The Facial Expression Men Always Interpret As Flirting

As much as communication between men and women while dating and mating nearly proves we are two different species, rather than two different sexes, there are still expressions that bridge the communication gap. Well, maybe not a lot of expressions, but at least one was proved in a series of scientific studies to be a clear, mutually understandable signal.

In order to answer the question, "Is there a unique, identifiable facial expression representing flirting — and if there is, what does it convey, and how effective is it?" a three-person research team conducted six related studies, published in the Journal of Sex Research, that used the Facial Action Coding System (FACS). FACS was developed in the 1960s and is based on 23 different facial movements that express various emotions. In 2002, FACS was modified, and, per Psychology Today, the research team used the later version.

In the first study, male university students were shown photos of women making various facial expressions, from neutral to happy to flirtatious, and were asked to rate the flirtatiousness of the photos. Of the 482 photos, 18 were noted to be highly flirtatious. In a later study, the photos were whittled down to the two most flirtatious, which were recognized as such by 77 and 71 percent of the male participants (via PsyPost). The researchers used FACS to analyze the components of the flirtatious faces, and came up with a model.

What makes a female face flirty?

The most clearly flirtatious expression was composed of a head turned to the side and tilted slightly downward, with a slight smile, and eyes gazing forward at the object of desire. The faces that had a wide or conversely, a very subtle smile, or when the woman's head was tilted up instead of down were deemed to be much less flirtatious. The researchers believe such faces were probably too ambiguous or interpreted as simply being friendly.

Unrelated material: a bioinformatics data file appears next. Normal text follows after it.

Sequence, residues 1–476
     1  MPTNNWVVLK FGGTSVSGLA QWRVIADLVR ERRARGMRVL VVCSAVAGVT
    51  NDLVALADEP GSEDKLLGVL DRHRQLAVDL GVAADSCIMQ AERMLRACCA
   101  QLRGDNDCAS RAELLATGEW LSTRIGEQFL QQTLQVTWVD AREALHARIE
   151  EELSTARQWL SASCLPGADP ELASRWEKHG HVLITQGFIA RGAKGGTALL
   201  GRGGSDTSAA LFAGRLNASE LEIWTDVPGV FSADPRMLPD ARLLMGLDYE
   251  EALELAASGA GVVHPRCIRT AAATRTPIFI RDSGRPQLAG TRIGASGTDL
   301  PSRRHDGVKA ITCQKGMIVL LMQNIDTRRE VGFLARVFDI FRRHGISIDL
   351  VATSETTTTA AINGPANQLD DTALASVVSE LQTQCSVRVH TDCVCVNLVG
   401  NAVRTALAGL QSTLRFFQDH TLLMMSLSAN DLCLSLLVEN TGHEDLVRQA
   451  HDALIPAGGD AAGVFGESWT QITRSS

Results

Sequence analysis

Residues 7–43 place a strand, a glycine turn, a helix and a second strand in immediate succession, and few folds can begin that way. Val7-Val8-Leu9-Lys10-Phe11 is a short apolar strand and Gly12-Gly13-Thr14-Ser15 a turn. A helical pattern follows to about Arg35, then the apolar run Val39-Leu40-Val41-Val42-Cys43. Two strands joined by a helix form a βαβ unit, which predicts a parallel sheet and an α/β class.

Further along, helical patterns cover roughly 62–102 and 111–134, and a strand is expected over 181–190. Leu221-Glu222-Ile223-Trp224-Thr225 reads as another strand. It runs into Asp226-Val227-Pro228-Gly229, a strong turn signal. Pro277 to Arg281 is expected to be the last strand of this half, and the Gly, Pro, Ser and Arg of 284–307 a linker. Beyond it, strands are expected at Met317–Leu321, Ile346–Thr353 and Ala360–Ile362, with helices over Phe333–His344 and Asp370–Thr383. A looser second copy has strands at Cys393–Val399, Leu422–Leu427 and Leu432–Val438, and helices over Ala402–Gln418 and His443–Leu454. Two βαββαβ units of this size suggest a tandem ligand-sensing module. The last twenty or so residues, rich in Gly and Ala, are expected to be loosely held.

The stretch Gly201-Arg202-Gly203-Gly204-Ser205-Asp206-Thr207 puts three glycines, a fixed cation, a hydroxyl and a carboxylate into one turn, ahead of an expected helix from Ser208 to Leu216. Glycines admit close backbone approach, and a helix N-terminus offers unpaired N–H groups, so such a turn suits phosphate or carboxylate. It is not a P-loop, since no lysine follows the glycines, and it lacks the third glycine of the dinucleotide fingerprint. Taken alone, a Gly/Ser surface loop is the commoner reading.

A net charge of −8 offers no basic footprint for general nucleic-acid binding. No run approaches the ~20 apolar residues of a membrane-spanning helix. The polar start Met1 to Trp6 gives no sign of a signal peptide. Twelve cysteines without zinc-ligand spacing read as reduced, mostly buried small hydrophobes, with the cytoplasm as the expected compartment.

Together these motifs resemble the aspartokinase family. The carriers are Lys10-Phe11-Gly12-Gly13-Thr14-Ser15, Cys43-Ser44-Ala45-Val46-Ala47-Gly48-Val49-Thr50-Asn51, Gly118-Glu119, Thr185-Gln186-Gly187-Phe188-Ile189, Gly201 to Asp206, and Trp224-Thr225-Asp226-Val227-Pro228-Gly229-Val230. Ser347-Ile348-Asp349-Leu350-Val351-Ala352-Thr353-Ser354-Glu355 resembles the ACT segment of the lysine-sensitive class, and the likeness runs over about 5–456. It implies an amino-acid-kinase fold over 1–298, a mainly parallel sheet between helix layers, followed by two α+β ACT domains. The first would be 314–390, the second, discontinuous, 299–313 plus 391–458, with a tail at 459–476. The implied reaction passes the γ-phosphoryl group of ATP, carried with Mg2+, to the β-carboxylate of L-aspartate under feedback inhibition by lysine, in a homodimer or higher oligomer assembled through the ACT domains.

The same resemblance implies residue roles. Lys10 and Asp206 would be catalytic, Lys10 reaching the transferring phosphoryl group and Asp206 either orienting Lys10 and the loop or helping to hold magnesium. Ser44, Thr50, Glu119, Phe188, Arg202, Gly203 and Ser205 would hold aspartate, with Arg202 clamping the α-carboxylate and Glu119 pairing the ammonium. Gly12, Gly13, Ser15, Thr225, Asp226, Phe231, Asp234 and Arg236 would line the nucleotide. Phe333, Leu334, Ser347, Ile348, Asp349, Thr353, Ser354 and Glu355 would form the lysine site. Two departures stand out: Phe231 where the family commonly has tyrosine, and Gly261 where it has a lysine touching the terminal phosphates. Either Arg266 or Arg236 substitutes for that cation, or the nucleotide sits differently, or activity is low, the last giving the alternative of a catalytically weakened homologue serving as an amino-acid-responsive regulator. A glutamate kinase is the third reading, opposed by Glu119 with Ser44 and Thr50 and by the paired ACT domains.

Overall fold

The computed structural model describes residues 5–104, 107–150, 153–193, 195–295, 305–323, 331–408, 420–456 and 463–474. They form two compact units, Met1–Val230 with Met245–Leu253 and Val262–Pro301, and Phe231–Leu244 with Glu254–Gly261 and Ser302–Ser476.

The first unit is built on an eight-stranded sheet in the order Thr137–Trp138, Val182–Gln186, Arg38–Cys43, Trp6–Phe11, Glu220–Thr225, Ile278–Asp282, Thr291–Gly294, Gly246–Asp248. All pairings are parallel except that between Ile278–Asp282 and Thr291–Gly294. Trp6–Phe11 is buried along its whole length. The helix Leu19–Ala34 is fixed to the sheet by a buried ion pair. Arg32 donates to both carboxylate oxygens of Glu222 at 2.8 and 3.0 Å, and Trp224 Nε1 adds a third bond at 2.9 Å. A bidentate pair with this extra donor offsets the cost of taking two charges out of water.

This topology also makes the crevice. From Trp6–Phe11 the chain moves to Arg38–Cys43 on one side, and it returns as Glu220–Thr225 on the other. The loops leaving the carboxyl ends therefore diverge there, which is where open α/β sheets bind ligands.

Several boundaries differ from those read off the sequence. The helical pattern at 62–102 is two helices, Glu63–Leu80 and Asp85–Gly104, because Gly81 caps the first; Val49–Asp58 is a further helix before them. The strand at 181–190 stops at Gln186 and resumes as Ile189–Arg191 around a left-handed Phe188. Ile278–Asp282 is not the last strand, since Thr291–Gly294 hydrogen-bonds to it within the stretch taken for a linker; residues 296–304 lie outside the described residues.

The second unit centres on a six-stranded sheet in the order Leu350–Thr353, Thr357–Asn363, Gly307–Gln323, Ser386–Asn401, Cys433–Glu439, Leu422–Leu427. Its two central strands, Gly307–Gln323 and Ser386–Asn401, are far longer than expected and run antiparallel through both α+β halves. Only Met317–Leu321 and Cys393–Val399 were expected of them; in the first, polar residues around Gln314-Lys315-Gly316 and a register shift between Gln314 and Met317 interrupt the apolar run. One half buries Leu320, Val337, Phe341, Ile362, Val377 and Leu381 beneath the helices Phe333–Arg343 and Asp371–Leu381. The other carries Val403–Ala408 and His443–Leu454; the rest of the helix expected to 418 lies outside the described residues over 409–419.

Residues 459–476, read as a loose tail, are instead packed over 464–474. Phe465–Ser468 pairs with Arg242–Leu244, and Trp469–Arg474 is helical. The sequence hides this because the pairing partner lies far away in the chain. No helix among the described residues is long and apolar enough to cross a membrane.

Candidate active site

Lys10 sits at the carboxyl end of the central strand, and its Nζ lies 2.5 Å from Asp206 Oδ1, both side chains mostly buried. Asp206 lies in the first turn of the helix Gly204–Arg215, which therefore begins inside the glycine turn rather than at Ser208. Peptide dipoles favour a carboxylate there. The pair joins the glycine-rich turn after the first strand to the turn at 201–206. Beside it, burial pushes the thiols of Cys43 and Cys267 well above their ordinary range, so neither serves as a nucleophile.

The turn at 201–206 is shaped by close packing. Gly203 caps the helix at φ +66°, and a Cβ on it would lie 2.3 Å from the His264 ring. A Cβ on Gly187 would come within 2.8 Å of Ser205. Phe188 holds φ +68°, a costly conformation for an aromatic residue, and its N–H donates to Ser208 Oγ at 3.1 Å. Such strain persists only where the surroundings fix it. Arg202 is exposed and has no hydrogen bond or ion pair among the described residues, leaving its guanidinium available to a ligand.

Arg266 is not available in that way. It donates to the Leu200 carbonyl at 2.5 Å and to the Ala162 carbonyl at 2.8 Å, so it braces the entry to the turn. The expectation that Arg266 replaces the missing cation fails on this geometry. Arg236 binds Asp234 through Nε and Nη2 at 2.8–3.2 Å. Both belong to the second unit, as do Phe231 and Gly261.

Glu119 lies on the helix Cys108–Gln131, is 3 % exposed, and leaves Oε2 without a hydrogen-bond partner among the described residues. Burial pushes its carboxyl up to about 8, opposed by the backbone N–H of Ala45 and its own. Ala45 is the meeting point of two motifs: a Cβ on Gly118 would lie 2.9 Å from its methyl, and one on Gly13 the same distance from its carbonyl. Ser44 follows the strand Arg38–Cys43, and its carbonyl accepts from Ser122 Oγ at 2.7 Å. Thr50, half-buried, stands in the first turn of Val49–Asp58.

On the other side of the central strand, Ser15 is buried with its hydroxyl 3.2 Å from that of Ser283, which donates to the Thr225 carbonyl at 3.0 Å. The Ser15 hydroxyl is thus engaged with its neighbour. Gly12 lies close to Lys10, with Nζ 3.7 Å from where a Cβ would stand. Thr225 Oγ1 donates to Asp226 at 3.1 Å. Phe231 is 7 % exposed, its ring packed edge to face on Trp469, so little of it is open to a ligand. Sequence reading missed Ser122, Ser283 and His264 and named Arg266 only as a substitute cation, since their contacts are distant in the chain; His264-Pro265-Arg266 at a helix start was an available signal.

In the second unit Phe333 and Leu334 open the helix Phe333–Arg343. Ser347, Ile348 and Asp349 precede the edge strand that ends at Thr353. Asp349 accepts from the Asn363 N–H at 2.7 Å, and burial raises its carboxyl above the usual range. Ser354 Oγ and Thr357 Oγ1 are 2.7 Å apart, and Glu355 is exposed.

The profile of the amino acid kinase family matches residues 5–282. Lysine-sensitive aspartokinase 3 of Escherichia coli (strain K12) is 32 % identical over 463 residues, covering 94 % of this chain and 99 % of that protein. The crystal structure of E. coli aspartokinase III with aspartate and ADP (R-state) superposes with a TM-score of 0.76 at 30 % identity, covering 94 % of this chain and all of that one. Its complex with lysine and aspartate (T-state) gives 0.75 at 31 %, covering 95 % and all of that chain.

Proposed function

In two later studies, the male participants were shown either flirtatious or non-flirtatious photos, then were asked if a string of letters represented a word or not. The words were either neutral or related to sex. The men who were first presented with the flirtatious photos were quicker to identify the sex-related words than the neutral words, and were also quicker than the men presented with the non-flirtatious photos.

So what do these results mean when it comes to communication between men and women out in the wild? In science-speak, the flirtatious photos activated "sex-related schemas" in the men who viewed them. In common parlance, such photos gave men ideas. The researchers concluded that most men were able to recognize a certain female expression as flirtatious. And, as one of the researchers said, their studies proved that the flirty expression had a function: "to activate associations related with relationships and sex" (per ScienceDaily). In other words, flash a man that expression with the coyly tilted head, slight smile, and directly gazing eyes, and they'll take it from there.